Member News

Community Counts: Help The Actuarial Foundation Support Students

The actuarial community has been lauded for its generous volunteer spirit and steadfast commitment to serving those in need. Through The Actuarial Foundation (TAF), one of the profession’s means for giving back, many CAS members have demonstrated their commitment to creating possibilities for underserved teachers and students by volunteering their time and making financial contributions to the Foundation’s innovative math programs.

In 2017, CAS Past President Steve Lowe was so inspired by the work of the Foundation that he challenged CAS members to donate in a special pledge drive called the 100 Donors in December Challenge. Running in 2017, 2018 and 2019, 100 Donors in December resulted in $123,000 in donations and brought over 80 new donors to the Foundation.

This year the CAS is splitting a generous gift of $40,000 to both the Foundation’s Math Motivators Tutoring Program and the Underserved Engagement Initiative of the Modeling the Future Challenge. This donation supports the CAS strategic approach to diversity, equity and inclusion by investing in the community and in organizations that support equitable access to high-quality education as well as breaking down barriers to entry in the actuarial profession, such as inadequate academic preparation and lack of or late awareness of the profession.

CAS members are challenged to create possibilities for underserved students and teachers by supporting The Actuarial Foundation.


Now the CAS is once again challenging its members to raise an additional $10,000 in support of The Actuarial Foundation. You are encouraged to join the CAS Community Counts Challenge by committing time, talent or treasure to these Foundation programs that are making a difference in underserved communities nationwide.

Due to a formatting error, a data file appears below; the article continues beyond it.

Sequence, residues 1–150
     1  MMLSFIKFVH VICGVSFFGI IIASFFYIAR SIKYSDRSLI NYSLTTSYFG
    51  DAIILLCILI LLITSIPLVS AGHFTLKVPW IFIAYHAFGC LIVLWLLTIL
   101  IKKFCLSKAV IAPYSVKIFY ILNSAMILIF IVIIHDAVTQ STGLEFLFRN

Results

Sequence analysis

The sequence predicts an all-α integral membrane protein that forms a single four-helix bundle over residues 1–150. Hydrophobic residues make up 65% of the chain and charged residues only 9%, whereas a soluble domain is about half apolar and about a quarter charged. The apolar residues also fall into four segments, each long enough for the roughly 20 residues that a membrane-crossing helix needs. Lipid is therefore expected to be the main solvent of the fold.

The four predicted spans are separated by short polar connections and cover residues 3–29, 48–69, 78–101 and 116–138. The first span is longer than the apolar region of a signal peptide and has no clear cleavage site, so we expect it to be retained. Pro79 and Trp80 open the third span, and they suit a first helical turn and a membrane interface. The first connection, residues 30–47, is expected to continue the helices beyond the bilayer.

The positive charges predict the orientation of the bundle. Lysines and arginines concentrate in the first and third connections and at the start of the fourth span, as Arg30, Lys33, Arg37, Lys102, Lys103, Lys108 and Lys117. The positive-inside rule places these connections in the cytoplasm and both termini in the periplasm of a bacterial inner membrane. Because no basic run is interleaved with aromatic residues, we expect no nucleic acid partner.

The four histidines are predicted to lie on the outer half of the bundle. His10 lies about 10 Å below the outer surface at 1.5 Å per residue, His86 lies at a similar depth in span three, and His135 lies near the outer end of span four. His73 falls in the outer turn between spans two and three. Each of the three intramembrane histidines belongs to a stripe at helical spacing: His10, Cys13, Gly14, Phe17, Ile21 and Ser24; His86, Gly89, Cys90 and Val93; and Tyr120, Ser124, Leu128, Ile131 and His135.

“I am an enthusiastic supporter of the CAS Community Counts Challenge,” said Mike Wacek, FCAS, CERA, MAAA, TAF chair and former CAS Board member. “This is an opportunity for CAS members to contribute to the expansion of two of the Foundation’s signature programs that fill an immediate need for math resources in communities across the country.”

Math Motivators

This volunteer-driven, free math tutoring program pairs underserved middle and high school students with professionals and college students possessing strong mathematics backgrounds. Math Motivators provides weekly in-person and virtual tutoring using a proven 2:1 student-to-tutor ratio for a wide range of math subjects, including algebra, algebra 2, trigonometry, precalculus, AP statistics and AP calculus.

Supporting these students in learning mathematics more widely opens the door to college and career opportunities in STEM fields, including actuarial science.


The program has most recently expanded its reach to upper elementary and middle school classrooms to strengthen foundational math skills. Math Motivators also provides tutoring in both SAT and ACT mathematics. Supporting these students in learning mathematics more widely opens the door to college and career opportunities in STEM fields, including actuarial science.